“The selected case study was drawn from the ShoeLab project, a collaboration which aims to develop a proof of concept for a smart and sustainable shoe,” explained the researchers. “This case study was perceived as the most suitable for answering the research question of: How could we develop a re-distributed and circular business model? The developed business model was used to investigate how data captured from, and communicated between, supply, production, distribution, and use can be used to design improved processes.”

A sample pair of trainers was 3D printed with many of the aforementioned concepts in mind, decreasing waste, eliminating toxins, and creating a ‘design for disassembly,’ allowing for ongoing maintenance—and longevity—of consumer goods. Fabricated via selective laser sintering (SLS), the samples were created with Duraform Flex (a recyclable and reusable material) as the base.

“The design of this pair of trainers allows new disruptive business models, such as offering trainers as a service through a subscription model. This model provides a personalized service if the trainers need to be repaired, maintained, or parts need to be replaced, as the main body detaches from the sole with a mechanical joint,” explained the researchers. “In addition, trainers will be produced in local stores. The model also includes the use of other technologies such as the ability to scan your foot to produce every trainer to measure and an augmented reality application to virtually try the trainers on. These technologies will allow the custom production of trainers avoiding a surplus of unsold products and utilizing the minimal amount of material.”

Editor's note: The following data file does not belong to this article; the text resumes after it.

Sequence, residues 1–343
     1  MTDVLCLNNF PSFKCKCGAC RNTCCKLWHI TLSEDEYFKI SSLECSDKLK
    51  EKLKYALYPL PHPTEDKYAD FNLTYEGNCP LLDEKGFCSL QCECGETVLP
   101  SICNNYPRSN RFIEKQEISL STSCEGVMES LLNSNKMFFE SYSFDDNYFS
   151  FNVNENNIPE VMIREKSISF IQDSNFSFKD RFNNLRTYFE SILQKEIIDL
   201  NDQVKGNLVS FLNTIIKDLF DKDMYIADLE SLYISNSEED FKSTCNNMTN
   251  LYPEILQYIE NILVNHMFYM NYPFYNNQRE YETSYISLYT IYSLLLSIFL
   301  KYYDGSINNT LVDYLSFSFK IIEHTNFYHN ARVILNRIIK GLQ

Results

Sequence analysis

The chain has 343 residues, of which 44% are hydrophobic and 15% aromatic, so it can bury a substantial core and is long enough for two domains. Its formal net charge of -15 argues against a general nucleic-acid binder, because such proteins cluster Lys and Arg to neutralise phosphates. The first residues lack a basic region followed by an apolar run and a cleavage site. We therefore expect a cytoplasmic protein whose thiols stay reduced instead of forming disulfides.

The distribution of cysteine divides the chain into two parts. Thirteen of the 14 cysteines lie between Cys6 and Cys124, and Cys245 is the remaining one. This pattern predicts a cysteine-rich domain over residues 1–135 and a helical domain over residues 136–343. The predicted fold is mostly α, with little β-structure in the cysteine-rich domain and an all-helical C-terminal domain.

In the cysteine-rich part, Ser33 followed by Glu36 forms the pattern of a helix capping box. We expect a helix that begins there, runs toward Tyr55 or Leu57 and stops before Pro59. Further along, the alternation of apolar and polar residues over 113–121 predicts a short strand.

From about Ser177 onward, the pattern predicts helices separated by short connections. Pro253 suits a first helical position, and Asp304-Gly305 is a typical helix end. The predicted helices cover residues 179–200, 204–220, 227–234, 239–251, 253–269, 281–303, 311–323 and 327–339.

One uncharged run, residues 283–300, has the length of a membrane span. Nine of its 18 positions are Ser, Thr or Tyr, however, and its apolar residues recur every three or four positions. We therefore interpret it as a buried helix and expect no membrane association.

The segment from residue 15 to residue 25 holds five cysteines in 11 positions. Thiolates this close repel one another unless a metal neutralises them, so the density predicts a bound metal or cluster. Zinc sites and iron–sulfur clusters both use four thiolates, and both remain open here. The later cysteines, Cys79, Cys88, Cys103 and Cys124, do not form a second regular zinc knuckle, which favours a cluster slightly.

The research team used IDEF0 (Icam DEFinition for Function Modelling) to examine the reality of using new business models and processes, to include 3D printing.

Methodology followed.

Shoe Manufacturing As-Is Model.

The four main criteria for IDEF0 are as follows:

  1. Transportation – small facilities should be close to customer needs/retail sites.